A narrative approach to teaching

Thinking in terms of narrative intelligence, narrative identity and narrative environment can go a long way toward helping teachers stay alert to some of the teaching opportunities that arise serendipitously once classroom learning becomes a story.

By the simple expedient of conceiving of teaching units as projects that students accomplish, learning becomes a story. This means that students become characters with goals who must respond to what they encounter, using what they already know to solve problems, stretching and rearranging what they already know to accommodate new information, and then pulling everything together by articulating a coherent version of what has happened for an audience that matters to them.

We have designed the ALERT processes to guide teachers in giving their units a narrative structure by leading students through research projects. The processes lend themselves to the most important research-based instructional strategies.

Using the ALERT framework helps avoid the characteristic danger of project-based instruction: it easily degenerates into a more or less arbitrary sequence of activites. It’s not unusual for inexperienced teachers embarked on high-interest projects to lose sight of what they are trying to accomplish. Seeing that students seem energetic and engaged, even happy, it’s easy to rationalize away nagging memories that once there was a curriculum or to take comfort in vague standards. One of the writing standards for Montana states that “students write for a variety of purposes and audiences.” What activity, however poorly conceived, would not meet that standard, so long as it included jotting of some sort?

To avoid this, projects should culminate in student work that is carefully assessed to be sure that it meets real standards. If students embark on local history research projects, for example, they should expect to finish essays that cite multiple sources, that are written in standard English with few surface errors, that demonstrate enough complexity in syntax and thought to provide real insight into the topic, and that display some of the grace and style that delights readers.

All that’s true, as far as it goes. But lately (the last couple of decades or so) what has interested me more has been what lies beyond teaching skills and information, crucial though these are. If school lasted only an hour or so a day, it would be fine if classes aimed only at transferring some information from text to student. Here are some basic facts about American history. Here’s an introduction to human anatomy. Here are the thereoms of Euclidian geometry. And so on.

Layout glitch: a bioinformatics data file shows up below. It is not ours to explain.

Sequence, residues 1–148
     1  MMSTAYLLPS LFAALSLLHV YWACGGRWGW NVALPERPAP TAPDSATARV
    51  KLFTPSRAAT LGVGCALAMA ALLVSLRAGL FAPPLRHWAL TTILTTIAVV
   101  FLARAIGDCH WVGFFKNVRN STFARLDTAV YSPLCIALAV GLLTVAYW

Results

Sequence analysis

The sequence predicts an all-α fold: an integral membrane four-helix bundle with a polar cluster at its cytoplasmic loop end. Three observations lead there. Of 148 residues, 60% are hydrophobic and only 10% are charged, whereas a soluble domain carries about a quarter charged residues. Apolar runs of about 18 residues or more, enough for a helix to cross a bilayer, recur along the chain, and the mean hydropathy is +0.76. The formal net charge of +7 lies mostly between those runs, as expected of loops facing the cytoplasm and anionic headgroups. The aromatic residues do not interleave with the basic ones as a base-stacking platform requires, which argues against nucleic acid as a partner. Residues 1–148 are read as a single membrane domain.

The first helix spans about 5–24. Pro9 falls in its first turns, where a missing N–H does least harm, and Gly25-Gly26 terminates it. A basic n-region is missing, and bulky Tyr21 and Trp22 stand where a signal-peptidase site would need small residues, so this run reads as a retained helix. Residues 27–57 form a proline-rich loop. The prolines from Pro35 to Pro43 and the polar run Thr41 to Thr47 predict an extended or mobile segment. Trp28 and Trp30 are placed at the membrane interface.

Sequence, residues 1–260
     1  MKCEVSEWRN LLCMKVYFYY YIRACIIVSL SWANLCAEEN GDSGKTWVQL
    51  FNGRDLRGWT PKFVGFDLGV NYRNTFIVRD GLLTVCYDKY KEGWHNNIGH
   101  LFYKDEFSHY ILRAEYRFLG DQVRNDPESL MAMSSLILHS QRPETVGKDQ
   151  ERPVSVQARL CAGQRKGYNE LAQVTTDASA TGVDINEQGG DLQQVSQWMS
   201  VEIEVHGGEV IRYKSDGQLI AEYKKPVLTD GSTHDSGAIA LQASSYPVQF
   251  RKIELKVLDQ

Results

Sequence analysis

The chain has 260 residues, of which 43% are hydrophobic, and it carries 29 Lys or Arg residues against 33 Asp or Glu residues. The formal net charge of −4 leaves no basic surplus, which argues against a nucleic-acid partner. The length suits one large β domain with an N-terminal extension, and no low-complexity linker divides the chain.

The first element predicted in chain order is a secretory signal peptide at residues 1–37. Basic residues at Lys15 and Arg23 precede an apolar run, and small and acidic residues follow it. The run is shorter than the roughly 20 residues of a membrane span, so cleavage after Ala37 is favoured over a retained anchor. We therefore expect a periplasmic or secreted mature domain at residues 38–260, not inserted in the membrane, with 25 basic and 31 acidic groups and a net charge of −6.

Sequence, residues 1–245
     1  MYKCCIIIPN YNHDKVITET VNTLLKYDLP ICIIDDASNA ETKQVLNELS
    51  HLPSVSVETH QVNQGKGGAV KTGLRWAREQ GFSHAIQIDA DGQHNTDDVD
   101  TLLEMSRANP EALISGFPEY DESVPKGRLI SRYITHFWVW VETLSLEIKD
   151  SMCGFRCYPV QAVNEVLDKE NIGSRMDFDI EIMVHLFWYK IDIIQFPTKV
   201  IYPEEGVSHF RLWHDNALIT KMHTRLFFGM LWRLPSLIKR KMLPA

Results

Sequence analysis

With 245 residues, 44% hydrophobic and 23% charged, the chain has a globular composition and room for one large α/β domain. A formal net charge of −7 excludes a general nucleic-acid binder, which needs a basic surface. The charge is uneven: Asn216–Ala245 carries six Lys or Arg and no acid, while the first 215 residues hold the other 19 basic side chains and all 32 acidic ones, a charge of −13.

But because school goes on more or less forever, especially for high school students involved in activities, an informational curriculum isn’t enough. Kids have other work to do besides gathering facts. Adolescents are in the midst of identity formation, which means they are drawing on their narrative intelligence to establish what their deepest beliefs are going to be, what values they are going to use as guides, what they are going to take as life goals, and how they are going to present themselves to others. Nearly all of them need quite a lot of help in doing this, and some of them, especially those from disordered families, need such help desperately.

A narrative approach to teaching allows teachers to present oodles of information, but it also allows young people many chances to develop the narrative intelligence they need to live, as poet William Stafford put it, in “all the little ways that encourage good fortune.”

When teachers engage students in difficult projects to accomplish work of real value to their communities, several things are bound to happen. Students are going to experience frustration, they are going to encounter obstacles, and they are going to run into trouble. If they persist and endure, they are going accomplish something significant, even if the stated goal of their quest isn’t completely met.  If the project and its final product are public, they are going to see themselves reflected in the eyes of an audience, which is going to influence their sense of identity. And if they have identified at the outset a group of people who will benefit from their work, they are going to encounter gratitude and fondness for being the kind of people who help.